The word “aspiration” came to mind again as my wife and I watched the Royal Shakespeare Company’s production of Arthur Miller’s Death of a Salesman. Willy Loman is the archetypal member of what politicians now call the aspirational classes. “In love with fame and fortune and their inevitable descent on his family”, as Miller said of his Uncle Manny, the model for the character, Loman has nothing in his life except selling, polishing his car, aspiring to greatness for his sons, trying to dissuade his wife from darning stockings (a most unaspirational pastime) and philandering with a woman in Boston. We never learn what he sells. In reality, he’s the buyer, not the seller, and he’s bought something worthless: the American dream.

Miller’s play, written in 1948, now seems astonishingly prescient. Until recently, most Americans genuinely believed they were middle-class and upwardly mobile. Now nearly 48 per cent call themselves “working-and lower-class”, up from 35 per cent in 2008. The American dream has turned sour, creating lives, like Loman’s, of futility and frustration. Before Labour leadership candidates try to sell their version of the dream to the British, they should watch Miller’s play.

 

Cricket is too thrilling

Whatever has happened to Test match cricket? In the first of this summer’s Tests, New Zealand scored their first-innings runs at just under four an over. In the second match, they upped the rate in both innings to just under five an over. (In 1996 the West Indies, then regarded as the world’s most exciting team, scored at well under three an over.) Otis Gibson, England’s bowling coach, remarks: “I don’t really know what to make of it all, the way they bat and stuff.”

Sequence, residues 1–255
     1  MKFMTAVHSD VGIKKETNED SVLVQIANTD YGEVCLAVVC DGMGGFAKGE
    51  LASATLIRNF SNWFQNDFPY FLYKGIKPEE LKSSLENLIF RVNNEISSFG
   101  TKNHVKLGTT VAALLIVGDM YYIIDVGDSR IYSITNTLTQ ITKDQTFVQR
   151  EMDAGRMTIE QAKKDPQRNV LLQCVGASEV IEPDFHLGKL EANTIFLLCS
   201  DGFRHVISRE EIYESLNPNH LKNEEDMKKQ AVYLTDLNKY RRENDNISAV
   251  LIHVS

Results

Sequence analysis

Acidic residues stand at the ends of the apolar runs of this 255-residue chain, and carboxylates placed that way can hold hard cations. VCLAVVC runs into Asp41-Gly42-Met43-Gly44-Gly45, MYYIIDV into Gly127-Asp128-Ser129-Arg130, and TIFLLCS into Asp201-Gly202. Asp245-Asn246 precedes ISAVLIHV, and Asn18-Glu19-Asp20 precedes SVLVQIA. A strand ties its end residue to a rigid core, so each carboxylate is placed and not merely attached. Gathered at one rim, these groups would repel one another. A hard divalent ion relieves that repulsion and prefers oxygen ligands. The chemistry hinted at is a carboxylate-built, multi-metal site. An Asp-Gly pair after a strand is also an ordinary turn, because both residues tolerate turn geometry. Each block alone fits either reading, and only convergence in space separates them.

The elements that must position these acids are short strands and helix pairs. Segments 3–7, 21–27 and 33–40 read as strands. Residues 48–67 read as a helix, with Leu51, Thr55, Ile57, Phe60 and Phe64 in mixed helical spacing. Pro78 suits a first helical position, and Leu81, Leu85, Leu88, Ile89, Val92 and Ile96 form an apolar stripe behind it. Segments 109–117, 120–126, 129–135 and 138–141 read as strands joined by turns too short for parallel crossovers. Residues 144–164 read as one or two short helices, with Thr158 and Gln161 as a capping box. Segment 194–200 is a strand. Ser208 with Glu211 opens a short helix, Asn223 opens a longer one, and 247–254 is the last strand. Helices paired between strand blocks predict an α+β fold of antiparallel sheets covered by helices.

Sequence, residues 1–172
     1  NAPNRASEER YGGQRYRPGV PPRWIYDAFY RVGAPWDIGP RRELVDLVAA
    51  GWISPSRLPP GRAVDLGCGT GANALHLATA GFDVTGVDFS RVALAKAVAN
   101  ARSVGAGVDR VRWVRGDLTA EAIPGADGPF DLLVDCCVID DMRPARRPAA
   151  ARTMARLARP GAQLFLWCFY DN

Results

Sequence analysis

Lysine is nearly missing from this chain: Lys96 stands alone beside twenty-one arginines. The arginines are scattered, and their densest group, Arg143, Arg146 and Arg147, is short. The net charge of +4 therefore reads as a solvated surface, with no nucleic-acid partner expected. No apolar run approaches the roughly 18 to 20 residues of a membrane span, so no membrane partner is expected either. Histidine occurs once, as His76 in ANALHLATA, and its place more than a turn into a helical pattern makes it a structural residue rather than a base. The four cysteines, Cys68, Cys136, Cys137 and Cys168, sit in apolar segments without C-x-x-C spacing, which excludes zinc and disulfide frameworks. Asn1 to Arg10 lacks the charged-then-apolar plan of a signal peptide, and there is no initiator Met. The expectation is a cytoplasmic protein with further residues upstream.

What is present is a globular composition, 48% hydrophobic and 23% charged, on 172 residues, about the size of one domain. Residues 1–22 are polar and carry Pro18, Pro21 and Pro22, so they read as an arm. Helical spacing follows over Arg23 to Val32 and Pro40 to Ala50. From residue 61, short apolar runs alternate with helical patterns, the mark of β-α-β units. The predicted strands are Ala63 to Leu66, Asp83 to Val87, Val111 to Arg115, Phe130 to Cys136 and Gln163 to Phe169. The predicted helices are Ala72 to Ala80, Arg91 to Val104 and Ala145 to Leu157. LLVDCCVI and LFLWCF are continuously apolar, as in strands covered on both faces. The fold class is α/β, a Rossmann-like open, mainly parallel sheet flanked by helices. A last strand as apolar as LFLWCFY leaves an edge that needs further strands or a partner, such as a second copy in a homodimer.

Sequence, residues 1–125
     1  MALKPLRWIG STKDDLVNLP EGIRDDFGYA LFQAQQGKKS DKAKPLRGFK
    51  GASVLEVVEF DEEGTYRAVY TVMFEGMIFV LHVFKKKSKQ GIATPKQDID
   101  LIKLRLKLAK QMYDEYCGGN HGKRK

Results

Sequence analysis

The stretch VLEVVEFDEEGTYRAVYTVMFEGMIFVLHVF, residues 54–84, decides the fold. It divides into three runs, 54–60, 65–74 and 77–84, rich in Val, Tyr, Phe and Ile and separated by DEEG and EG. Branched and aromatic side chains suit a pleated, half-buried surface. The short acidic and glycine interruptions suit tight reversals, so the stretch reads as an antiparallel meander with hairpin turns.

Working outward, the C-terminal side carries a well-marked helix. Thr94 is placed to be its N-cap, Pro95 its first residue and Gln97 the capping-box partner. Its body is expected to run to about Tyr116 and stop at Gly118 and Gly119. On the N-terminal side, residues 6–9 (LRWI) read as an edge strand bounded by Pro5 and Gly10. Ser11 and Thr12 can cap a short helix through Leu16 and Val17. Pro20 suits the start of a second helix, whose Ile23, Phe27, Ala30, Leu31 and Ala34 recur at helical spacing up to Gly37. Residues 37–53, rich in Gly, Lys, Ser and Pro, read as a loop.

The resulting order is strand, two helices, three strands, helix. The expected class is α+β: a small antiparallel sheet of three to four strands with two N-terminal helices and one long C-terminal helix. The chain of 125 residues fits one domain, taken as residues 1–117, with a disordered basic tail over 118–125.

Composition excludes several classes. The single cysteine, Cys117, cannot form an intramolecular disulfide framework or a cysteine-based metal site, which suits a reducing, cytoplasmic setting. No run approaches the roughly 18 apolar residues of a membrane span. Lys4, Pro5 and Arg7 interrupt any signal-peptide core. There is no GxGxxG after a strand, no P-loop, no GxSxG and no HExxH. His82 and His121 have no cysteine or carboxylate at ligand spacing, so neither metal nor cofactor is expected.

I sympathise. Cricket will not benefit from boundaries being hit every over any more than football would if goals came every few minutes. Torrents of fours and sixes may work in Twenty20 matches, lasting under three hours. But who can cope with constant thrills for five whole days? Test matches should allow periods for quiet contemplation, dozing off, browsing the newspaper (or a tablet, if you must) and sipping a pint. Those who need perpetual “highs” should try a substance of some kind.

Peter Wilby was editor of the Independent on Sunday from 1995 to 1996 and of the New Statesman from 1998 to 2005. He writes the weekly First Thoughts column for the NS.

This article first appeared in the 04 June 2015 issue of the New Statesman, The myths of Magna Carta

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There is nothing compassionate about Britain’s Dickensian tolerance of begging

I was called “heartless” for urging police to refer beggars to support services. But funding drug habits to salve a liberal conscience is the truly cruel approach.

In Rochdale, like many other towns across the country, we’re working hard to support small businesses and make our high streets inviting places for people to visit. So it doesn’t help when growing numbers of aggressive street beggars are becoming a regular fixture on the streets, accosting shoppers.

I’ve raised this with the police on several occasions now and when I tweeted that they needed to enforce laws preventing begging and refer them to appropriate services, all hell broke loose on social media. I was condemned as heartless, evil and, of course, the favourite insult of all left-wing trolls, “a Tory”.

An article in the Guardian supported this knee-jerk consensus that I was a typically out-of-touch politician who didn’t understand the underlying reasons for begging and accused me of being “misguided” and showing “open disdain” for the poor. 

The problem is, this isn’t true, as I know plenty about begging.

Before I became an MP, I worked as a researcher for The Big Issue and went on to set up a social research company that carried out significant research on street begging, including a major report that was published by the homeless charity, Crisis.